Sammy Vassilev | D-19270
By Brian Giboney
Sammy Vassilev began jumping in 1989 in Bulgaria, where he grew up around the sport. (His mother was a world champion.) He moved to the United States in 1991 and immediately began having an impact on the sport here as a talented skysurfer and camera flyer. As a strong proponent of promoting skydiving, Vassilev and his wife, Iva, founded Skydive TV, which began broadcasting in 2010. The couple also founded their own drop zone, Skydive Fyrosity in Las Vegas, Nevada, where Sammy Vassilev is not only the DZO, but also a tandem and AFF instructor.
Nickname: The Red Baron
Birthplace: Born and raised in Sofia, Bulgaria. Moved to the U.S. in 1991
Nationality: Bulgarian and American (U.S. citizen)
Marital Status: Married to Iva Vassilev
Children: Two—Jasmyne, 9; Anthony, 7
Occupation: Pro skydiver, cinematographer, photographer, producer, director, host of Skydive TV, DZO
Education: Business management degree from Northwestern College in Chicago; hotel management and film, University of Nevada-Las Vegas
Life Philosophy: Never give up! Luck is 99 percent the result of extremely hard work, dedication to your craft, non-stop education, personal and professional sacrifices, 18- to 20-hour workdays (every day) and never-ending persistence and one percent good circumstances. Dream big and don’t stop working toward that dream. Never mind the cost.
Jump Philosophy:Slow is fast!
Team Name: Double Trouble (with Steve Verner)
Sponsors: Fisher Space Pen, Photographika, Skydive TV, Skydive Fyrosity, Tuborg Beer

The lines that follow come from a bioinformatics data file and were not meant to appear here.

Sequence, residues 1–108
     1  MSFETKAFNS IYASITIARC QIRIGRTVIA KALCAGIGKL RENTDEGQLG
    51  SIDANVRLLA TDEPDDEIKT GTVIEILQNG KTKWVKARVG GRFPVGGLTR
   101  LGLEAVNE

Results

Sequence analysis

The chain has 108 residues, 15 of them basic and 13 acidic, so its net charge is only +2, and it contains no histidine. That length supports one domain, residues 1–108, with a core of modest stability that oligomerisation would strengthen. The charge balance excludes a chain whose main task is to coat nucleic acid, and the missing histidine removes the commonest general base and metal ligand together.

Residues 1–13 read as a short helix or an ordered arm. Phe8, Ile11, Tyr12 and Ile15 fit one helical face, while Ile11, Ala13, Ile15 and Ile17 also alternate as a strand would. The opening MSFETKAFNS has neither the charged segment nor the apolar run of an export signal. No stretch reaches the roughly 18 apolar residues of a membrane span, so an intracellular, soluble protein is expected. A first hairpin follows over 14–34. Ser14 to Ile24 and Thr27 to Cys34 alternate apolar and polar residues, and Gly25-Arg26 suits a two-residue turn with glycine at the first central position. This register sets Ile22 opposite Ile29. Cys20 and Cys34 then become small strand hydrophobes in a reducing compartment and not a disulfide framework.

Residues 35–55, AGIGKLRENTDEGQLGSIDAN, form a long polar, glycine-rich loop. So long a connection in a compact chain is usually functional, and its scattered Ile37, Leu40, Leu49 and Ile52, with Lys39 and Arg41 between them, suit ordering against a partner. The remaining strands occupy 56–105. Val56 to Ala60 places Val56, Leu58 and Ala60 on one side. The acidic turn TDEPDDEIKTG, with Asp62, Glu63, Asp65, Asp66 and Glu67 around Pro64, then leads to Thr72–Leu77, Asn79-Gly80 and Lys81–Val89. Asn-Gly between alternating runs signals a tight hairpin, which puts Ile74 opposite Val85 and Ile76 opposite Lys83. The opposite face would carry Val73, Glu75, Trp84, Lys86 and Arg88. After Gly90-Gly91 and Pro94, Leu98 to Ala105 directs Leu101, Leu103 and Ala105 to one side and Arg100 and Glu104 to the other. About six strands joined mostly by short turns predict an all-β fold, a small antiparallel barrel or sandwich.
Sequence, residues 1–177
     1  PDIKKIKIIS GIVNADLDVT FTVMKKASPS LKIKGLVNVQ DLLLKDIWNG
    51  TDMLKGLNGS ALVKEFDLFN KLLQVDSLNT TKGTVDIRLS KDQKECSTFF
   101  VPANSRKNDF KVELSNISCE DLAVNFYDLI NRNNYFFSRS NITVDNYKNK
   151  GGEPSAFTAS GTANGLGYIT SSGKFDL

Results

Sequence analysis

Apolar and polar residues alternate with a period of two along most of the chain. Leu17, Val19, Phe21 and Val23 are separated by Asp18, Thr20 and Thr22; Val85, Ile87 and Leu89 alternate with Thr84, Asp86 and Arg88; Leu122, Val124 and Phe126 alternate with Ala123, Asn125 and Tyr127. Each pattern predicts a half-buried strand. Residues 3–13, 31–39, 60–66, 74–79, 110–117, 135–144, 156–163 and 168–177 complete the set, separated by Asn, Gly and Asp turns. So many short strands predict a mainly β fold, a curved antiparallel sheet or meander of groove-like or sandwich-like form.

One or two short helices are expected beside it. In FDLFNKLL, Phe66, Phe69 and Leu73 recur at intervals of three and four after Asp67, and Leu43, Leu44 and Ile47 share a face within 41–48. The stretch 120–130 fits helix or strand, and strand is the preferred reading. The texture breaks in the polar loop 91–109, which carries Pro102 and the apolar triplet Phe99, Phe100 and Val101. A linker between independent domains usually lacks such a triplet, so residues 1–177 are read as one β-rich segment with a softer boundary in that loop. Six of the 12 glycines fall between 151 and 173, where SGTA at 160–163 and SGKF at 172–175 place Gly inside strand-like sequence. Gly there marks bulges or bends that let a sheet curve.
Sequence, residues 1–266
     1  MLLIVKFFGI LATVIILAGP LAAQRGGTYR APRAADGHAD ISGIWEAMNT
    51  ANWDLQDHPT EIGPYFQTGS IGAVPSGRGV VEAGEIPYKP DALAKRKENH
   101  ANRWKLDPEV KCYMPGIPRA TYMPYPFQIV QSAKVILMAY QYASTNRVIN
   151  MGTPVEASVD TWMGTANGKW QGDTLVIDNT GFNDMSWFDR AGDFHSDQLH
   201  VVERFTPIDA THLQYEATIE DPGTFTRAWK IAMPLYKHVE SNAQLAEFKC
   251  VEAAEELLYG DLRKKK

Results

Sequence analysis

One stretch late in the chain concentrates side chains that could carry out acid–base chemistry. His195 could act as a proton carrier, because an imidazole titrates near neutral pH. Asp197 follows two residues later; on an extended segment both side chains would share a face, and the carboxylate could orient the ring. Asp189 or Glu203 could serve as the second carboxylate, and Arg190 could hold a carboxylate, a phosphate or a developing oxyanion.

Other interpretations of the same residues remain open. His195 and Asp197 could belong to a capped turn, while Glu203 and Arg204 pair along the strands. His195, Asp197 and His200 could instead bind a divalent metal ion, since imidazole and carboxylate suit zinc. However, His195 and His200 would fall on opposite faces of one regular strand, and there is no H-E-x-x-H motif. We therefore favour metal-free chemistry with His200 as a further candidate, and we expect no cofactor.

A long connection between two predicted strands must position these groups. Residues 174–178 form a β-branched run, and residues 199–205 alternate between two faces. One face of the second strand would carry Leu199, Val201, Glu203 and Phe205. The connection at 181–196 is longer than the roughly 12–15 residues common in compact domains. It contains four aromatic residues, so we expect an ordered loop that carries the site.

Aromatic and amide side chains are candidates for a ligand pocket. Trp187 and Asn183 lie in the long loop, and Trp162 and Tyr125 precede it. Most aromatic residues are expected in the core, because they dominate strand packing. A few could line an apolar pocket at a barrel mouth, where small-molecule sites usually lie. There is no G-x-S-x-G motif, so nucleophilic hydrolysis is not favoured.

Container: Sun Path Javelin
Main Canopy: NZ Aerosports Icarus Crossfire 119
Reserve Canopy:Performance Designs PDR 113
AAD: Airtec CYPRES 2
Disciplines: Skysurfing, tandem, camera
Home Drop Zone: Skydive Fyrosity in Las Vegas, Nevada
First Jump: A static-line jump on November 15, 1989, at the age of 15
USPA Licenses and Ratings: A-23572, B-18624, C-26330, D-19270, AFF and Tandem Instructor, PRO
Medals: 1997—bronze in skysurfing, Perris Valley Challenge Cup (with Kevin Love). 1998—silver in skysurfing open, USPA National Championships (with Steve Verner)
Total Number of Jumps: 9,900-plus
Tandems: 3,500 AFF: 2,000 Wingsuit: 300 Demos: 100 Accuracy: One Tunnel: 500 hours Camera: 3,200 Skysurf: 550 Freefly: 200 Balloon: Two BASE: 50
Largest Completed Formation: The largest formation I’ve been a part of is a 4-way; however, I have filmed 100-ways and 200-ways.
Total Number of Cutaways: Three
Of all your jumps, does one stand out?
My first wingsuit jump with the wingsuit that I built in 1997. I had no one to teach me, no one to show me. I built the wingsuit from scratch and jumped it. What a ride that was! No helmet, [Performance Designs] Stilletto 120 and the wings were covering my [bottom-of-container pilot chute]. I finally deployed at 1,700 feet and luckily had no line twists. I landed three miles off the DZ in the desert. But the wingsuit flew!
What do you like most about the sport?
What do you like least about the sport?
Who have been your skydiving mentors?
My mother, Parachkeva Vassilev, 1972 World Team Accuracy Champion with Team Bulgaria at the 11th Féderátion Aéronautique Internationale World Parachuting Championships held in Tahlequah, Oklahoma, and Patrick DeGayardon, Norman Kent, Tom Sanders and Roger Nelson.
What safety item is most important?
A person’s attitude and training. We all know that skydiving is dangerous, but nothing is safer than the right attitude and proper training to go along with it.